10 RFP Issuers Reveal What They’re Looking For in An RFP Response
“Think of the RFP issuer” is a piece of advice we have always given to RFP responders. Although responders put a lot of effort into their work, so do the teams evaluating RFP responses.
Both parties are spending hours and resources submitting and evaluating RFPs. In the spirit of saving everyone time and energy, we decided to step in and break down the barriers between RFP issuers and RFP responders.
We asked issuers to speak up about what they’re looking for in an RFP response. Listen to what they had to say, so you can impress your next RFP issuer with a standout RFP response.
What RFP issuers expect from your RFP responses
Maurice Harary, CEO at The Bid Lab
Don’t reinvent the wheel each time you receive an RFP—you should always store your responses in a database after you submit each bid. That way, you can build on existing content while tailoring responses to your individual bid.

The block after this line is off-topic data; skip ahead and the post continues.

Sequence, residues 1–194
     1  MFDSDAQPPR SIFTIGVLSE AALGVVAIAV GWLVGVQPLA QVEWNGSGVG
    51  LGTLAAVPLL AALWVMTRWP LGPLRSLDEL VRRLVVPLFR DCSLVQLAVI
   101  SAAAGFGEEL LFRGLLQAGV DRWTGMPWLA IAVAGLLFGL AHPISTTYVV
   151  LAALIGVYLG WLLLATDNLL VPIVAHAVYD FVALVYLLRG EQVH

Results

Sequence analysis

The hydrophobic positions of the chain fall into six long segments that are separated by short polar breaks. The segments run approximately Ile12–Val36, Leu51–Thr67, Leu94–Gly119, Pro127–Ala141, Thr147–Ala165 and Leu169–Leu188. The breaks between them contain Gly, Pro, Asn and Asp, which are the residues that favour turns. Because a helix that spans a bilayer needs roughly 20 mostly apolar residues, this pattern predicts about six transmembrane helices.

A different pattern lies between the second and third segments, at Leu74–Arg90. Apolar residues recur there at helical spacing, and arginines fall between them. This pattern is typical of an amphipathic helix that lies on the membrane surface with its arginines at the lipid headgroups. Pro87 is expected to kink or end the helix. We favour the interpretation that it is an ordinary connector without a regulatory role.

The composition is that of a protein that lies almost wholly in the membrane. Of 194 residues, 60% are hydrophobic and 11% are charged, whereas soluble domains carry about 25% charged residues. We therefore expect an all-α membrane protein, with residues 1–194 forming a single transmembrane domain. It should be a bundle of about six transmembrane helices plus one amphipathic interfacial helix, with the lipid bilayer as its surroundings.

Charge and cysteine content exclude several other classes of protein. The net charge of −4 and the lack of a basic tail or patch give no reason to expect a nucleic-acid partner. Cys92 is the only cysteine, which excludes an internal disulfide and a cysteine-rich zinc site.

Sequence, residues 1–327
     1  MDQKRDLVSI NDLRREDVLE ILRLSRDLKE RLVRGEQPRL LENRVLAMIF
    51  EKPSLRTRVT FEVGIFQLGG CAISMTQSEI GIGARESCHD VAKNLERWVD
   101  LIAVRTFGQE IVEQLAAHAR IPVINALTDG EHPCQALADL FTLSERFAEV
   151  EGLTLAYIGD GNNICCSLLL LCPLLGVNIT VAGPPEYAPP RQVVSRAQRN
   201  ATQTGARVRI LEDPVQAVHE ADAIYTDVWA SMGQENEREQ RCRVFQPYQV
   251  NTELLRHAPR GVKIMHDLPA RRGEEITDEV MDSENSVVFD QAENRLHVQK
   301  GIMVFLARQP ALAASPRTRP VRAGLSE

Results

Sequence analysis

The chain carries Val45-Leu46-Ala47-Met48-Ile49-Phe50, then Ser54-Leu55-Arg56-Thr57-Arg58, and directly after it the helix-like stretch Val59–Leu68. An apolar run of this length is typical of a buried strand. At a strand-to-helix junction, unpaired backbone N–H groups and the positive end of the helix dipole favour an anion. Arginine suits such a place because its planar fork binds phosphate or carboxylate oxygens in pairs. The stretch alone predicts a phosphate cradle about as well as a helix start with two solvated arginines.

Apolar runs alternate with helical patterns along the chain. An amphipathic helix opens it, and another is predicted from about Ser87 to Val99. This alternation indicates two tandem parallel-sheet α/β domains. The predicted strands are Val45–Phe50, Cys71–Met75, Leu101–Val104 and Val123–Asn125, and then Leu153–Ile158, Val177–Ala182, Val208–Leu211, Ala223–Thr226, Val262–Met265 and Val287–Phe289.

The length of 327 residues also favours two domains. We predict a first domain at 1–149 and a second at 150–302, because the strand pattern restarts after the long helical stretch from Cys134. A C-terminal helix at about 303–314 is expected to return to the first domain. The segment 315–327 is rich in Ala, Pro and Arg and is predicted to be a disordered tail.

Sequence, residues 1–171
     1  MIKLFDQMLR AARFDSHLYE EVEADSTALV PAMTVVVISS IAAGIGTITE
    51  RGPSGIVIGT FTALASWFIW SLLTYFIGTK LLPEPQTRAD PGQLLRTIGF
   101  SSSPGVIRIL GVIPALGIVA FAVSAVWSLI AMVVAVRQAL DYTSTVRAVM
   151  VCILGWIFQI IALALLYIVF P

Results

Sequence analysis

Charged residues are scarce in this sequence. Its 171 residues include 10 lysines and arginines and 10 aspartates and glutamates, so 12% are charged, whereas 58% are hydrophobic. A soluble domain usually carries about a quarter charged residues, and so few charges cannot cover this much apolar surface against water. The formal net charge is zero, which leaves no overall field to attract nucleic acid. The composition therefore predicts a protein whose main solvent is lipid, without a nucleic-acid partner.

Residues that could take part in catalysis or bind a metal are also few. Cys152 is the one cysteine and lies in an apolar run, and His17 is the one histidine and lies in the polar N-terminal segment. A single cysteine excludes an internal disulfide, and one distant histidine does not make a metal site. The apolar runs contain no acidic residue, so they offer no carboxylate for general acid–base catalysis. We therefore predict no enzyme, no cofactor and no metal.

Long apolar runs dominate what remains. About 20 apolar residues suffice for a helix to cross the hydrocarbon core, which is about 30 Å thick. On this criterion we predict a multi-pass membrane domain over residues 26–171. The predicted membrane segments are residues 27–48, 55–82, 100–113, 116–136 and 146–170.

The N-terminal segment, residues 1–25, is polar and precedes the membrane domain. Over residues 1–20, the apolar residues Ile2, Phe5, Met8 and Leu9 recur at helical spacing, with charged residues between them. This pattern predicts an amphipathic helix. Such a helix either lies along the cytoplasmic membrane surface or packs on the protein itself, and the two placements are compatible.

Yaniv Masjedi, CMO at Nextiva
When I put out an RFP for an audit, I absolutely need impeccable formatting in your proposal. If I’m going to trust someone with the keys to our company’s backend, they better be able to tiptoe in, execute, then extract themselves without a single bit of data knocked out of place.
If you are sending in a proposal that is improperly punctuated or formatted, how can I possibly trust you with this job? It might seem strict, but I cannot spare the time to monitor your every movement. I need a firm which demonstrates flawless work.